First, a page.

It wasn't a blow to the head that sent me to England, but the allure of further study. I don't mean to say that the experience was not disorienting. My preconceptions were blown out of the water on day one, when I discovered that, contrary to expectations, not everyone in the UK speaks like John Cleese - least of all in the North.

It is often assumed that moving to the UK must be fairly easy for an American, or at least easier than the other way around. After all, how could an Englishman or woman survive in a country where kettles, decent chocolate and knowledge about the finer points of queuing etiquette are hard to come by?

I confess that the first time I saw a sign telling customers in a sandwich shop where to queue, my first thought was that a "queue" must be some sort of culinary offering: something containing eggs, I imagined.

The differences in everyday life are to be found all around. Take driving, for example. In the US, we park on driveways and drive on parkways. In the UK, by contrast, we park in car parks and drive on motorways. This clearly makes more sense.

But it is not all so straightforward. It makes less sense to use a white circle with a diagonal black stripe through it to denote a speed limit, far less so when this sign - representing the national speed limit - means different things to different drivers, depending on the type of vehicle you are driving, whether you are towing anything and the conditions of the road. Oh, and the signs are sometimes posted on the left, sometimes on the right, and they come in different sizes. Surely it is far more sensible to follow the US model of stating the speed limit for all in numerical form on the same-sized sign and the same side of the road?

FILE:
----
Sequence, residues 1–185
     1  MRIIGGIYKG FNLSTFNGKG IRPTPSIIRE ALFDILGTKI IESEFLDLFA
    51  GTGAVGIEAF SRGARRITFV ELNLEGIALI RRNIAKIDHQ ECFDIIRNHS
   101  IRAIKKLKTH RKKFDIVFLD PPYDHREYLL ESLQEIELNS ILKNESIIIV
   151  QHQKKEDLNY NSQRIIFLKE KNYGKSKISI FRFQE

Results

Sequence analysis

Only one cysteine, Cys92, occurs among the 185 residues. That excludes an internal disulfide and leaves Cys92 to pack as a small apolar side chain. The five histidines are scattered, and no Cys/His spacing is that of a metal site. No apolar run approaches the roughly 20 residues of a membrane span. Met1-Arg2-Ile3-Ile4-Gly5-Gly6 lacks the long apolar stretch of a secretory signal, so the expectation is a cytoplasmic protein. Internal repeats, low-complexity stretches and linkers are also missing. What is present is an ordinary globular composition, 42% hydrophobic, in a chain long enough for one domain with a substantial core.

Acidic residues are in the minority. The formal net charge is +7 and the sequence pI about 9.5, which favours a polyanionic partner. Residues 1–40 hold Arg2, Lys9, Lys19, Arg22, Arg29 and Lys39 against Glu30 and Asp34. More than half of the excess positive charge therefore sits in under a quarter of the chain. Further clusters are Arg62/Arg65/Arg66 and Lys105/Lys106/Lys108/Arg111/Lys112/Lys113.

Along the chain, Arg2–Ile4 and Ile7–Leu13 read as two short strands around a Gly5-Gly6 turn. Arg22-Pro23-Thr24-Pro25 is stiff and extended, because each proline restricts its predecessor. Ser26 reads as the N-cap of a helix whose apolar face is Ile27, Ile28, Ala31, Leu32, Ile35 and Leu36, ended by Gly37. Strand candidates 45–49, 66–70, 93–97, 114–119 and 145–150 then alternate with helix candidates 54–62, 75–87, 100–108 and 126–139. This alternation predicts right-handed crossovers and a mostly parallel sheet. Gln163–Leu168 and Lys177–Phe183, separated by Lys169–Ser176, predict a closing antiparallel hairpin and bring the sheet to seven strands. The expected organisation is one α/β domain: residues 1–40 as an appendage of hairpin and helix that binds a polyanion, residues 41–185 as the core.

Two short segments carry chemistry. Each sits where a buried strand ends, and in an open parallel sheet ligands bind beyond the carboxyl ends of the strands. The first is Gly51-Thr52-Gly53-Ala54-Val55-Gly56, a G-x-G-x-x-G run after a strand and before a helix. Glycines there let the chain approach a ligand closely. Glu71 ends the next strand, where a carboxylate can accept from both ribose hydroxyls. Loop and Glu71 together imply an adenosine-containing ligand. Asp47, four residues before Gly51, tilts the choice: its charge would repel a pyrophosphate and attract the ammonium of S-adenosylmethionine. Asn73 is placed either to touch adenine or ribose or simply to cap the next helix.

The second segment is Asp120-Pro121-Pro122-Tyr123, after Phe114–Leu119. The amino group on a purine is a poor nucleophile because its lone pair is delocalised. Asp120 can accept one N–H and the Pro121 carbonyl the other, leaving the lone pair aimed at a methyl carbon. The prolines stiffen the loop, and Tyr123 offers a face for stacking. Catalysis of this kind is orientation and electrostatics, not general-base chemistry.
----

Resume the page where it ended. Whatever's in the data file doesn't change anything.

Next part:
But if my UK driving test had me in knots, it had nothing on the curiosities arising from the citizenship test. This involves an examination based on the Life in the United Kingdom: A Journey to Citizenship document and is a requirement for "Indefinite leave to remain" visas as well as citizenship.

The first oddity is that you do not become a citizen by passing the test. Instead, you must first receive indefinite leave to remain and then wait at least a year before applying for citizenship. The second is that you quickly discover that no British citizen seems to know the answer to most of the questions. The third is that those questions that may seem of most importance to any immigrant - such as British history or basic facts of law - are not part of the test. Instead, it grills applicants on whether the British government restricted immigration from Australasia in the 1960s, the percentage of young people in higher education, and whether "1 April is a day when people play jokes on each other".

My test included the following question:

Q: Which two places can you go to if you need a National Insurance number?

A. Department for Education and Skills

B. Home Office

C. Jobcentre Plus

D. Social security office